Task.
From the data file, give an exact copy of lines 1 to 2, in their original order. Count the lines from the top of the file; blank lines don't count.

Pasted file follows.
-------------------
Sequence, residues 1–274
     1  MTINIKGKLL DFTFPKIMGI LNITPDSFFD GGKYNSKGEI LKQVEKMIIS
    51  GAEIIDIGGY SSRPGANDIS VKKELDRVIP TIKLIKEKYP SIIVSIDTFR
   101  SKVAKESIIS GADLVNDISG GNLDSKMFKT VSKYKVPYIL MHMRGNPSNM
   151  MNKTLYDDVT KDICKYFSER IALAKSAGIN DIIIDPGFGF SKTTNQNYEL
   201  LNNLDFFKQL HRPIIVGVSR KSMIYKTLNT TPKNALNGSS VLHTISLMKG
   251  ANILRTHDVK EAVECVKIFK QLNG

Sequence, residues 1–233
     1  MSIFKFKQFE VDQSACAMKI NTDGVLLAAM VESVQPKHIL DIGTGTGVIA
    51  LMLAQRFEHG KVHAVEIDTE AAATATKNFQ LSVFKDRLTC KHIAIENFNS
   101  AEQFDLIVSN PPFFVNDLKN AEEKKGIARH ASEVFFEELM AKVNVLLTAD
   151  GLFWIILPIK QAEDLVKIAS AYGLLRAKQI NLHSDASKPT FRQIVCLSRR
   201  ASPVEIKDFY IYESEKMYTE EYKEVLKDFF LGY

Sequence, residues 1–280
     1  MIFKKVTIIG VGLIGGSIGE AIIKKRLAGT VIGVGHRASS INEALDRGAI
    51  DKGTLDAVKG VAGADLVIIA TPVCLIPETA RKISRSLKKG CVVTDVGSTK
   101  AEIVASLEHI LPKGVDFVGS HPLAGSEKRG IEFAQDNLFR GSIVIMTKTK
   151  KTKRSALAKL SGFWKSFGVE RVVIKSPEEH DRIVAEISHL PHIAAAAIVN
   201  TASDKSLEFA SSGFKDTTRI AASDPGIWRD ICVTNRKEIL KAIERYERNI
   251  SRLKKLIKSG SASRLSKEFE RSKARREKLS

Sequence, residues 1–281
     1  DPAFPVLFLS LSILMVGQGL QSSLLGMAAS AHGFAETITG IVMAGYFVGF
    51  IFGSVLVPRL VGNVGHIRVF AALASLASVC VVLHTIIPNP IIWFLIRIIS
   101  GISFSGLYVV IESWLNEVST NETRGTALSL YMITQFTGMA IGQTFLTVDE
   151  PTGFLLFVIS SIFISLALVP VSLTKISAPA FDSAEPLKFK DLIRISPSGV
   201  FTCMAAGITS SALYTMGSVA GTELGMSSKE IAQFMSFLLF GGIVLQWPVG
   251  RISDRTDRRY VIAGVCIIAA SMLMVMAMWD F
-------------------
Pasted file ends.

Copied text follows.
Sequence, residues 1–274
     1  MTINIKGKLL DFTFPKIMGI LNITPDSFFD GGKYNSKGEI LKQVEKMIIS